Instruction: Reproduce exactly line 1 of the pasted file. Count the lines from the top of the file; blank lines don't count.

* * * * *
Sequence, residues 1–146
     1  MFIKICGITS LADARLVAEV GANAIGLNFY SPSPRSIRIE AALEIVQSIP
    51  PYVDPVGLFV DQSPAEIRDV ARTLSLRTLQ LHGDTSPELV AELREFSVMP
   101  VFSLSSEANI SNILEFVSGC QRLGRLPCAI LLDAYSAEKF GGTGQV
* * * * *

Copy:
Sequence, residues 1–146